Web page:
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An early German tardiologist - Prof. Ferdinand Richters

A few years ago we had already dedicated an issue to Prof. Ferdinand Richters (1849-1914). One of his spectacular achievements was the first description of the first Batillipes species Batillipes mirus, a maritime tardigrade.
Richters detected this bizarre water bear species in the benthos of "Kieler Föhrde" (i.e. a bay of the Baltic Sea close to the German town called Kiel).

[ Batillipes tardigrade from the Kiel Bay ]

Hind boy of  Batillipes mirus with characteristic appendix.
Image width ca. 0.2 mm

A further result of Richters' research was the discovery of the bizarre minute tardigrade Calohypsibius ornatus. One should think that the term "minute tardigrade" might be some kind of linguistic overkill. But, in fact there are small species among the tardigrades thus being ultra-minaturized relatives of the "normal" miniaturized tardigrades. Calohypsibius ornatus has distinctive rows of thorns on its cuticula and therefore received its latin attribute "ornatus".

[ Calohypsibius ornatus ]

Due to its tiny size and transparency the minute terrestrial tardigrade Calohypsibsibius ornatus is a real microscopical challenge, even for the advanced amateur.
Female with mature egg. Body length 140 µm. Most legs are covered by the body and the last pair of legs is out of focus - a really difficult photomicrography object.

As the Water Bear web base has become an internet fossil itself we receive lots of mails from readers some of which are able to contribute substantially to our subject. So we are glad to have received a permission by Guther Dohse to present two of his family photographs depicting Prof. Richters.

It will become obvious from the pictures that Ferdinand Richters dedicated all his life to nature and zoology. For some time he has been head of the Crustaceae department of the Senckenberg collection and in his later years he become one of the most successful tardigrade "addicts" in tardiology history.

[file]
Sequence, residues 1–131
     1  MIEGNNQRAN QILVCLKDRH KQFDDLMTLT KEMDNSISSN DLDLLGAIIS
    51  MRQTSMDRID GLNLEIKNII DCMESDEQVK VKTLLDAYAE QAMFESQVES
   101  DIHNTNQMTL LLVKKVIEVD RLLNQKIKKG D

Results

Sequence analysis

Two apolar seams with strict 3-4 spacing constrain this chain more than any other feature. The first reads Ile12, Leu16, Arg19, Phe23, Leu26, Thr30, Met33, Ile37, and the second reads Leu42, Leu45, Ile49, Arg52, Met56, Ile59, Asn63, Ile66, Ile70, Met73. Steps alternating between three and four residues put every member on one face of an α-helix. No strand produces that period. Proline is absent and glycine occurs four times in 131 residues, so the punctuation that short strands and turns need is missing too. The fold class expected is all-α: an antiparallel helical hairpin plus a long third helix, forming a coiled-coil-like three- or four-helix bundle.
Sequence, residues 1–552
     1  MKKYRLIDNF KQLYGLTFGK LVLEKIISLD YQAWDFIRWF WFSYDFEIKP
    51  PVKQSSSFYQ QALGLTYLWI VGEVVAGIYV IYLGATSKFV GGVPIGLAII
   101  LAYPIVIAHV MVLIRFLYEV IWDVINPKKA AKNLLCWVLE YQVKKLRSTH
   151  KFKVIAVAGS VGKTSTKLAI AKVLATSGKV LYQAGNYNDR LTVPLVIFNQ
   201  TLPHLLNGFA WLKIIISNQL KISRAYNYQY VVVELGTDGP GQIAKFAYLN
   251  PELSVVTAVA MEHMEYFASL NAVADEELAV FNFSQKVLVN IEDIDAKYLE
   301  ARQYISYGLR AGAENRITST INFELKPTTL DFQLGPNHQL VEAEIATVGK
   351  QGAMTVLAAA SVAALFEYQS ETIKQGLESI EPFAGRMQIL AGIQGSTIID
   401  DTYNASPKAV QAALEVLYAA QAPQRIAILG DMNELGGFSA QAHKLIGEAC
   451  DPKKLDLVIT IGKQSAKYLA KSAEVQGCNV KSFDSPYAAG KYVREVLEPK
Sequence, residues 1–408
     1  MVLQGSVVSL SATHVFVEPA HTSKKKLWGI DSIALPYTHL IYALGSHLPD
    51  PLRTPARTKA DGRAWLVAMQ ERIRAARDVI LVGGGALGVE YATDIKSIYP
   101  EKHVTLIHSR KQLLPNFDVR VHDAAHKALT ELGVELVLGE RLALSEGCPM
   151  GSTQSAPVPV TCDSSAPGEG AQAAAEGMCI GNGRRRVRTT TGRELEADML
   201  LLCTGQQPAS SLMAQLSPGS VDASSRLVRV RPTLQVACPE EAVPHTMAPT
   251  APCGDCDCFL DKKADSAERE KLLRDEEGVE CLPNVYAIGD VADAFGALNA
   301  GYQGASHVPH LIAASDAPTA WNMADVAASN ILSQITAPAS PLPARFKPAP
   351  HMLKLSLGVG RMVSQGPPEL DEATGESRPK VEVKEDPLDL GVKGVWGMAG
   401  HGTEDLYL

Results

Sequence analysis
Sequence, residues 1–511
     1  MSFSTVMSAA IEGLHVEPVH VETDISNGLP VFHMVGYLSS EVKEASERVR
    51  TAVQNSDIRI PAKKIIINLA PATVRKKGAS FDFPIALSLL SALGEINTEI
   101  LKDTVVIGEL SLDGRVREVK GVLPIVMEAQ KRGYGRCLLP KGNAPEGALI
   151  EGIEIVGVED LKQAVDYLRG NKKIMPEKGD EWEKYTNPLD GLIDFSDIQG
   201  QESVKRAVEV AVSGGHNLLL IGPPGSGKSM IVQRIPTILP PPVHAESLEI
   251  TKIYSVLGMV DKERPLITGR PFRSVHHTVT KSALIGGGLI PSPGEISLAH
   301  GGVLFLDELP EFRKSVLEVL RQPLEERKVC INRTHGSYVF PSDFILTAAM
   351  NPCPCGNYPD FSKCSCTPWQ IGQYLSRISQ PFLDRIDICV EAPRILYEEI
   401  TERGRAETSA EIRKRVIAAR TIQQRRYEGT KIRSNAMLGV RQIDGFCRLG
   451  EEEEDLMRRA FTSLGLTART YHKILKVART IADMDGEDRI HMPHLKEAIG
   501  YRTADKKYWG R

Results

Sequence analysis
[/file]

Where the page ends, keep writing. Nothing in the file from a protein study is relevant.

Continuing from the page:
[ Ferdinand Richters as a young man ]

Ferdinand Richters as a young man.
Photograph by courtesy of the archive of Gunther Dohse.

When looking at the details we note essential objects of zoological study like the specimens in conserving fluid and further objects of interests and, last but not least, a reference book, probably for species determination.

[ Ferdinand Richters as a young man, detail ]

Same picture as above, detail, please note the loupe.
Photograph by courtesy of the archive of Gunther Dohse.

Many years had been passing by. In the meanwhile Ferdinand Richters had fallen ill but luckily recovered from his disease. Since his recovery Ferdinand Richters focused much of his research energy on tardigrades. Please note the crowded working area on his desks. Modern consultants probably would criticize him as chaotic personality - but apparently he simply loved the topics of his work and so there was no reason to "clean" his desks from any "ugly traces" (poor consultants!).

[ Ferdinand Richters, short before his death in 1914 ]

Prof. Ferdinand Richters in 1914, short befor his death.
Photograph by courtesy of the archive of Gunther Dohse.

The microscope on the right-hand side of the image, under the glass cover apparently his everyday microscope, probably also served as his tardigrade microscope.

[ Ferdinand Richters, short before his death in 1914, detail ]

Same picture as above, detail, once more with a loupe.
Photograph by courtesy of the archive of Gunther Dohse.

All the best for 2013!


A. Jassoy: Ferdinand Richters. Natur und Volk 46 (1916) pp. 168 - 175.

M. Mach: Schmucker Winzling - Das Bärtierchen Calohypsibius ornatus.
Mikrokosmos 98 (2009) pp. 9 - 15.

© Text, images and video clips by  Martin Mach  (webmaster@baertierchen.de).
Water Bear web base is a licensed and revised version of the German language monthly magazine  Bärtierchen-Journal . Style and grammar amendments by native speakers are warmly welcomed.

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